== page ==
Privacy, Compliance Management

Organizations ready to meet new state privacy laws, but less than half have acted

LONDON, ENGLAND – AUGUST 10:  In this photo illustration, a man is seen using a mobile phone in the light of a projection of a thumbprint on August 09, 2017 in London, England. With so many areas of modern life requiring identity verification, online security remains a constant concern, especially following the recent spate of global hacks.  ...

Law firm Womble Bond Dickinson on Wednesday released a privacy study that found while 6 in 10 executives say they their organizations are prepared to meet new state consumer privacy laws, less than half have completed important compliance steps.

Already five states — California, Colorado, Virginia, Utah and Connecticut — have passed data privacy laws or amendments that will take effect in 2023, while several other states are weighing similar comprehensive legislation.

Although 89% of respondents have increased their budgets to comply with these new privacy laws, less than half have completed most compliance actions, including conducting data mapping (49%), performing data assessments (43%), and establishing metrics and deadlines to track compliance (38%).

“Companies often feel they are ready for compliance, but that optimism starts to fade when it comes to applying the often unsettled regulations and granular tactics they need to effectively prepare,” said Tara Cho, chair of the privacy and cybersecurity team at Womble Bond Dickinson. “The new requirements affect so many aspects of how companies do business that it can be challenging, particularly at the executive level, to make sure all the bases are covered.”

These survey results are very much in line with what we see at an operational level as we engage with data-driven organizations, said Dan Manners, director, compliance and risk strategy at Breakwater Solutions. Manners said the fundamentals of understanding exactly what personal data gets collected, under what lawful basis the company retains data, and where it maintains data along with ensuring least-privileged access are all not as well understood, documented, and aligned as the C Suite may believe.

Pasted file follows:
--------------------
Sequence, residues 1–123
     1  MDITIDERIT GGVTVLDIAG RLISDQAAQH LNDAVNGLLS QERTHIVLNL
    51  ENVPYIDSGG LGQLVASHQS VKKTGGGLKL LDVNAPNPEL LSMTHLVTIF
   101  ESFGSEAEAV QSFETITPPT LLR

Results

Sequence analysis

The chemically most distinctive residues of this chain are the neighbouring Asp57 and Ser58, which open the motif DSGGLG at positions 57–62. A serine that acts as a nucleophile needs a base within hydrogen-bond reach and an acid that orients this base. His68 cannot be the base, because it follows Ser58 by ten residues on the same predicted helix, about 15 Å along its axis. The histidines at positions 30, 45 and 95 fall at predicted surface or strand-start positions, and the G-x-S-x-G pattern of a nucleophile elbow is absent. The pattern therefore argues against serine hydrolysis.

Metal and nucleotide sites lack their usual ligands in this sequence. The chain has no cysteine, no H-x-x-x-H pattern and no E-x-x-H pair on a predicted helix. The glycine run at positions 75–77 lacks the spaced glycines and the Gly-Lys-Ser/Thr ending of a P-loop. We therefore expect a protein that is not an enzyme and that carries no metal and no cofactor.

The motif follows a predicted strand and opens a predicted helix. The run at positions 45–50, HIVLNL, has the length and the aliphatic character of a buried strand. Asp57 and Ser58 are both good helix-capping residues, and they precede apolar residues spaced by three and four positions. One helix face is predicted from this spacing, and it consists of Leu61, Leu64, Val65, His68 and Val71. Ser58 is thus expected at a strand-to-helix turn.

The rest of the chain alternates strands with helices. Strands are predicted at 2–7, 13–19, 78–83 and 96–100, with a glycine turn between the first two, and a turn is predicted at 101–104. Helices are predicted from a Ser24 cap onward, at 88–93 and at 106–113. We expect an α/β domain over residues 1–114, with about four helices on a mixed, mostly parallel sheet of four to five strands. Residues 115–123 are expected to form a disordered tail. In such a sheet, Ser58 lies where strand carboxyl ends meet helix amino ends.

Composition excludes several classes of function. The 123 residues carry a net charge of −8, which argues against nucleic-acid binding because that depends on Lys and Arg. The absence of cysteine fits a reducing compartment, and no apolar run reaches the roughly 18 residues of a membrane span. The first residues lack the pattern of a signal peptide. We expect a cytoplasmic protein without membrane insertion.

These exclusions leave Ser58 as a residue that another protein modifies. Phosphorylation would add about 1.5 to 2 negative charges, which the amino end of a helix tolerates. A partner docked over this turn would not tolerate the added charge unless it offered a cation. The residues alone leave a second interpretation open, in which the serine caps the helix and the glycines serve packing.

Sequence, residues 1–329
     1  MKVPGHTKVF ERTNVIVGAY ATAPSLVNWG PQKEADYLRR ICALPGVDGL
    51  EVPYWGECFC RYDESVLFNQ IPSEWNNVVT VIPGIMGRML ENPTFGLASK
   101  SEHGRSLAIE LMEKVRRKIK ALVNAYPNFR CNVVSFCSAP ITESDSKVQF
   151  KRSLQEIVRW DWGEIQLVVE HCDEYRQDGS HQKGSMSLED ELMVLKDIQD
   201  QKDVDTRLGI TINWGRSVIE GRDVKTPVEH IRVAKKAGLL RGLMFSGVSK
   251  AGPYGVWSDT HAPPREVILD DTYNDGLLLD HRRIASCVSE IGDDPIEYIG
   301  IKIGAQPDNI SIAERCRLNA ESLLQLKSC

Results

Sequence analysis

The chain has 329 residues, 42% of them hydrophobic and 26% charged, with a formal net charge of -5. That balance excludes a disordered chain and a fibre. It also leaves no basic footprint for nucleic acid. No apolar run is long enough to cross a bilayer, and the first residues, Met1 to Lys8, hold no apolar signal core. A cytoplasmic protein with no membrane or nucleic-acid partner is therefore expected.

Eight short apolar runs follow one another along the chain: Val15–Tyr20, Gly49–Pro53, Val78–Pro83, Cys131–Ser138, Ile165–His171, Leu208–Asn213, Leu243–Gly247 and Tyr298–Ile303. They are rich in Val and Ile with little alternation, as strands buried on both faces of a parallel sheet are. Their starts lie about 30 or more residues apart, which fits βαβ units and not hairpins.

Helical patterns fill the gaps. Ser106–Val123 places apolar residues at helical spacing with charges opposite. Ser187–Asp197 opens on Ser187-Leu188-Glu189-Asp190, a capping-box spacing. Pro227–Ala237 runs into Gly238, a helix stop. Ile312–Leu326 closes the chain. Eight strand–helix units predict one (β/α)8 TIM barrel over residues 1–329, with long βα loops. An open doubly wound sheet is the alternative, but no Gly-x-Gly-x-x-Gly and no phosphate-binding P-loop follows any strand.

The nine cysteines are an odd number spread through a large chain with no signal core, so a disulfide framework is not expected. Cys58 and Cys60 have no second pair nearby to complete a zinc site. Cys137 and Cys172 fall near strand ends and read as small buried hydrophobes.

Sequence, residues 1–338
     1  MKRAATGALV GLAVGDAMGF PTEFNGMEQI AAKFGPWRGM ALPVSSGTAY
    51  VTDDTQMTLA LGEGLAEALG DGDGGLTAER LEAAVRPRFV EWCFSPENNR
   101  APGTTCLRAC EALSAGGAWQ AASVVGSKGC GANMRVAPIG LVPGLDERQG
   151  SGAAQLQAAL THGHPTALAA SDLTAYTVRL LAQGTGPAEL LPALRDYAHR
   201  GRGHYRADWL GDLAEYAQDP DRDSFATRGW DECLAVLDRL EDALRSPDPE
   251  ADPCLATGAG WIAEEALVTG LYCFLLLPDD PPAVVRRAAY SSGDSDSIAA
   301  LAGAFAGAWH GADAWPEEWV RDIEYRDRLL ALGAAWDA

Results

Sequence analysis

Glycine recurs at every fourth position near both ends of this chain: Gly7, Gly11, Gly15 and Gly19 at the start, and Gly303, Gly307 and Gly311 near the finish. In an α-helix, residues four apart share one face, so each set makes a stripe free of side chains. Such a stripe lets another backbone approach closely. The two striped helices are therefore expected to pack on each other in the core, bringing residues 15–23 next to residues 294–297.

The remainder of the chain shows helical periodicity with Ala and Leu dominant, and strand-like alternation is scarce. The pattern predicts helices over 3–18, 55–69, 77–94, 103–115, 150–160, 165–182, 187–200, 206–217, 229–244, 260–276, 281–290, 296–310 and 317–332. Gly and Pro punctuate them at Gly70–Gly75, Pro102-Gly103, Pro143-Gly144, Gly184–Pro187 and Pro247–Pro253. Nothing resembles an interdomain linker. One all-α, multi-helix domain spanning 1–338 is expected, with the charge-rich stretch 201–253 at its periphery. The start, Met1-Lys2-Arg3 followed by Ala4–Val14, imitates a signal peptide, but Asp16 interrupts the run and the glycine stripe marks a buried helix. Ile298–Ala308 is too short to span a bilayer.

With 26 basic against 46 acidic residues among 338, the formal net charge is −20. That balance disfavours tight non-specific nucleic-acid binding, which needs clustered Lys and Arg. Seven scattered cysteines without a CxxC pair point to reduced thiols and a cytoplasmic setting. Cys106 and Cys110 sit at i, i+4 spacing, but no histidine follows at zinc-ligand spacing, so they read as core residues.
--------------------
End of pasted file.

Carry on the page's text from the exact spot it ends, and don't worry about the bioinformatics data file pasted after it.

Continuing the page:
“Existing and emerging data privacy regulations are both complex and challenging to operationalize, in practice, especially in complex multinational organizations with hybrid and decentralized governance structure,” Manners said.

Hank Schless, senior manager, security solutions at Lookout, added that every company should make securing sensitive customer data its No. 1 priority regardless of what industry they’re in. Schless said today’s customers also expect companies to keep their data secure. With the universal focus on personal data protection, Schless said brand loyalty often gets tightly tied to whether the consumer feels like an organization does enough to keep their personal sensitive information safe. 

“With so many data privacy and compliance laws that focus on securing customer data, violation of these standards can lead to detrimental fines and reputational damage for any organization,” Schless said. “To keep up with today’s threat landscape, IT and security teams need to implement uniform data protection policies that secure data in cloud apps, private apps, and over the web.”

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